The week in TV: Welcome to Chippendales; Harry: The Interview; The US and the Holocaust; The Reunion
Welcome to Chippendales | Disney+Harry: The Interview (ITV) | ITVXThe US and the Holocaust (BBC Four) | iPlayerThe Reunion (ITV) | ITVX
I expected much of Welcome to Chippendales, the new Disney+ true crime drama about the twisted 1970s/80s origins of the international male exotic dancer troupe. Muscle men in “breakaway” trousers. Women stuffing dollars into PVC posing pouches. A thongs-first Boogie Nights-esque tale of sleaze, betrayal and catastrophe with a thumping disco heartbeat. This is what I wanted, baby, and I wanted it bad, but could it deliver?
Inspired by the book Deadly Dance: The Chippendales Murders by K Scot Macdonald and Patrick MontesDeOca, and created by Robert Siegel (Pam & Tommy), the show stars Kumail Nanjiani (Silicon Valley) as Mumbai-born businessman Somen, who, status-obsessed and admiring of Hugh Hefner, renames himself Steve and dreams up the notion of male strippers for female audiences. Early on, Dan Stevens and Nicola Peltz Beckham are superb as promoter Paul Snider and Playboy model Dorothy Stratten. Elsewhere, Juliette Lewis is a designer, while the glorious Murray Bartlett (Armond in the first series of The White Lotus) plays visionary choreographer Nick De Noia.
WTC evolves into a filthy hot-tub of ambition and sexual mores, foaming up into greed, racism, paranoia and disaster. The oversexed/ megaconcept Chippendales routines (“Dr Hunkenstein”) serve as camp, fake tan-streaked respites from the escalating frictions between Steve and Nick. It’s brazen, inverted sexism (would female strippers be played for giggles?), but here it’s inevitable, and it helps. Running at eight episodes, Welcome to Chippendales is overlong, and too often the pace sags like a sweat-soaked loincloth. Still, it remains an interesting watch, with a sparky soundtrack (Donna Summer; Wire; the Sweet). You understand where Nanjiani is going with his stiff, intense take on Steve: he is, after all, an immigrant, an outsider, watching his American dream atomise into a nightmare.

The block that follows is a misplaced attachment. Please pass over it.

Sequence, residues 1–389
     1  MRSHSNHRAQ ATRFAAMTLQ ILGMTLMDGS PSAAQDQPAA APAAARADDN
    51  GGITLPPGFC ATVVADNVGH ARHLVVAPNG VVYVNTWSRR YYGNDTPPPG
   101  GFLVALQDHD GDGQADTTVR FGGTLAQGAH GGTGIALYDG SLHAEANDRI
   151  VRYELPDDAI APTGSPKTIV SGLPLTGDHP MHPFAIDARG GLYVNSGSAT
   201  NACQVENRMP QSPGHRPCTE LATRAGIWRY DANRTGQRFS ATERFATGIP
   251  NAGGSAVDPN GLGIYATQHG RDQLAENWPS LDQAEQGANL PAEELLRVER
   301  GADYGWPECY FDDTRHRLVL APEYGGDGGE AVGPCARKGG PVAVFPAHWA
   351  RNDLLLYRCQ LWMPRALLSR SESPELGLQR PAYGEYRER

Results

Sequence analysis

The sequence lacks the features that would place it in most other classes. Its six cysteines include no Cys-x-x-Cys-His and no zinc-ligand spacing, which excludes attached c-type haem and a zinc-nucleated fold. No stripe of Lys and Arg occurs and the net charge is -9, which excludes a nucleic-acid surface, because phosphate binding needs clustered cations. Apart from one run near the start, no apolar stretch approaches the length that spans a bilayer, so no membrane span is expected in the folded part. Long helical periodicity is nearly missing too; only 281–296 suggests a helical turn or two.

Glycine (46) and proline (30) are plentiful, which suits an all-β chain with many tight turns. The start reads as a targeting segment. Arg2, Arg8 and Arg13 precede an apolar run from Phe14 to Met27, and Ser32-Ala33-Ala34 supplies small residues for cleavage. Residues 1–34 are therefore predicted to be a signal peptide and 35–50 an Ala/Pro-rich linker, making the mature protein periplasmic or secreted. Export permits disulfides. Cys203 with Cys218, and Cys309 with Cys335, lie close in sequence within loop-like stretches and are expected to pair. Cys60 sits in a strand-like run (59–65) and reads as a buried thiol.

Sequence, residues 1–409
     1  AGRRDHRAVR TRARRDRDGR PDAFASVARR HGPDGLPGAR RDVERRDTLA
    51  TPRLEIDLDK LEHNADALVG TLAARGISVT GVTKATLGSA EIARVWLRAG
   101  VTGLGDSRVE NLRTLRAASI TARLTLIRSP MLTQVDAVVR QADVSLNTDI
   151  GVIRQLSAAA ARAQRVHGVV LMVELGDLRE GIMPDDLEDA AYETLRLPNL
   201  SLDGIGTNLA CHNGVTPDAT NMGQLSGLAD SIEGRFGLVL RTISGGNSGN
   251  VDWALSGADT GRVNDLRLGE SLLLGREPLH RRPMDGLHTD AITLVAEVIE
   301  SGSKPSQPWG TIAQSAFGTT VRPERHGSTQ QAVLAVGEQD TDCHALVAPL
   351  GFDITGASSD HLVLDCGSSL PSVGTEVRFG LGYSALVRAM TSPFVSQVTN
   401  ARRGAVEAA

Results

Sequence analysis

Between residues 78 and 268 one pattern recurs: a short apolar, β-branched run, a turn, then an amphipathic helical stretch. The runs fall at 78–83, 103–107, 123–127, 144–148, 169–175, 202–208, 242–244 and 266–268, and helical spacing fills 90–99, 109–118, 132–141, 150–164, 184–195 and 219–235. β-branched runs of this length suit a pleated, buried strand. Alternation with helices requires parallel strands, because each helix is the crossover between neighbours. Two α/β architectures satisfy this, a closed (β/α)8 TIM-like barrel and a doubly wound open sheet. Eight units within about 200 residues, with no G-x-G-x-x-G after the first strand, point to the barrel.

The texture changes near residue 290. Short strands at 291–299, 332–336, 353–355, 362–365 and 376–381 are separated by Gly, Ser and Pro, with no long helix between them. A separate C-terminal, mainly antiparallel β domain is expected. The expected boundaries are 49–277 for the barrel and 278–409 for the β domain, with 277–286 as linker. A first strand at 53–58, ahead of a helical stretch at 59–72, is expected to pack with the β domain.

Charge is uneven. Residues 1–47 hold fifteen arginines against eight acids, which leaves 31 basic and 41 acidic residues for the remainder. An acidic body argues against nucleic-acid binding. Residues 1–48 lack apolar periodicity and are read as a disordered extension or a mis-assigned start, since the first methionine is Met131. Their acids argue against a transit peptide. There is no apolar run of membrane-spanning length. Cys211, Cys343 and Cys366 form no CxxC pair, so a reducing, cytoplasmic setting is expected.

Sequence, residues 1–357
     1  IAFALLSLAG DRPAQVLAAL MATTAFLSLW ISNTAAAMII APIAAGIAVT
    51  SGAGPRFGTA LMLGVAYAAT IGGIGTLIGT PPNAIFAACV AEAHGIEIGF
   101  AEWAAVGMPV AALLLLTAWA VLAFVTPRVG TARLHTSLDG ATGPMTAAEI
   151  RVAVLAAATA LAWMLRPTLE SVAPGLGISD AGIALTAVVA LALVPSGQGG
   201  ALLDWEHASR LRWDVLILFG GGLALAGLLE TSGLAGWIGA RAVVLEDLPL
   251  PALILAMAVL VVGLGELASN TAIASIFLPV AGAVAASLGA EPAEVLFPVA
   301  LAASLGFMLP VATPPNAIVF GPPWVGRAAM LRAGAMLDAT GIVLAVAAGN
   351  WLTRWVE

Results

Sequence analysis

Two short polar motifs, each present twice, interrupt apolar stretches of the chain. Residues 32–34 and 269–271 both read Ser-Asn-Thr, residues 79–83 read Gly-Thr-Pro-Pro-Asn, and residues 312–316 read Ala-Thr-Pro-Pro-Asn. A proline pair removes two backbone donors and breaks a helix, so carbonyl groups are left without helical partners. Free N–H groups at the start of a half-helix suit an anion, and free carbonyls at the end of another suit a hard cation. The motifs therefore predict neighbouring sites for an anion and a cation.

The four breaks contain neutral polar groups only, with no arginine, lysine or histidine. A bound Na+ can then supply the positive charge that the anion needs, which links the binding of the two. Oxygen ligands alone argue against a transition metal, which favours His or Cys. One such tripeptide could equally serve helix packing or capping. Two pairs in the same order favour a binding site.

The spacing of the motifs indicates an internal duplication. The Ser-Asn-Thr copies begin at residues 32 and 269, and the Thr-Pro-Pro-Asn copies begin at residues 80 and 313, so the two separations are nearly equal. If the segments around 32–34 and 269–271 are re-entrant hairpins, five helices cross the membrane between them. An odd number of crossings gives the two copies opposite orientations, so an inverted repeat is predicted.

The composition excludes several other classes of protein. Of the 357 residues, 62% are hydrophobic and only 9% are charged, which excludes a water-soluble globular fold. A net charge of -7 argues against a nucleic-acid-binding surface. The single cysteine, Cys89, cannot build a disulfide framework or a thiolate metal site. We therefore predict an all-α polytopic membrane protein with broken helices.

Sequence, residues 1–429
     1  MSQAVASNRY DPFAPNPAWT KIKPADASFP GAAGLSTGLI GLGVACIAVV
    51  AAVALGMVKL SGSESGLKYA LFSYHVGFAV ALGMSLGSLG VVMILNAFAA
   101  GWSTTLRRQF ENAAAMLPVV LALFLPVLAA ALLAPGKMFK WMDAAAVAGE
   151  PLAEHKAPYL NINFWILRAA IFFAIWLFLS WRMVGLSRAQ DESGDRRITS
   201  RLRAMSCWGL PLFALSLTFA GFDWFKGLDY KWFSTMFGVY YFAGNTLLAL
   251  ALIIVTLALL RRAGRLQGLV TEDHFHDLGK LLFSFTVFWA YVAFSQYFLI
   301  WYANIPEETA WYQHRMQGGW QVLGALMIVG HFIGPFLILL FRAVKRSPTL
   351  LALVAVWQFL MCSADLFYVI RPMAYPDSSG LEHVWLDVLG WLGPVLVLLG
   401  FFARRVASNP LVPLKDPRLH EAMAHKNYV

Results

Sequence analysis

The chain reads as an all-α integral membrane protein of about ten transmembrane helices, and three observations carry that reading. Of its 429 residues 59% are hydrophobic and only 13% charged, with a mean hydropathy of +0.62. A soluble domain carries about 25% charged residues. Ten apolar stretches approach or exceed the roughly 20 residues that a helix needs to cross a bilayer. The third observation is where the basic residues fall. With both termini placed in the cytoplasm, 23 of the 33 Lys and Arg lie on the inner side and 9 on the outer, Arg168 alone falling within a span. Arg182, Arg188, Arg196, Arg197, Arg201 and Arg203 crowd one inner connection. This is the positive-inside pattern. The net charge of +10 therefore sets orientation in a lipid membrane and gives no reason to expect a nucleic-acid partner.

Talking of the American dream, it’s been a week for wondering whether Prince Harry is living it or crawling out concussed from under it. “Leaks” don’t adequately describe what emanated from his book, Spare, pre-publication – this was more of a gusher: press intrusion; losing his virginity; drugs; “Megxit”; royal funerals; brotherly fisticuffs; broken dog bowls …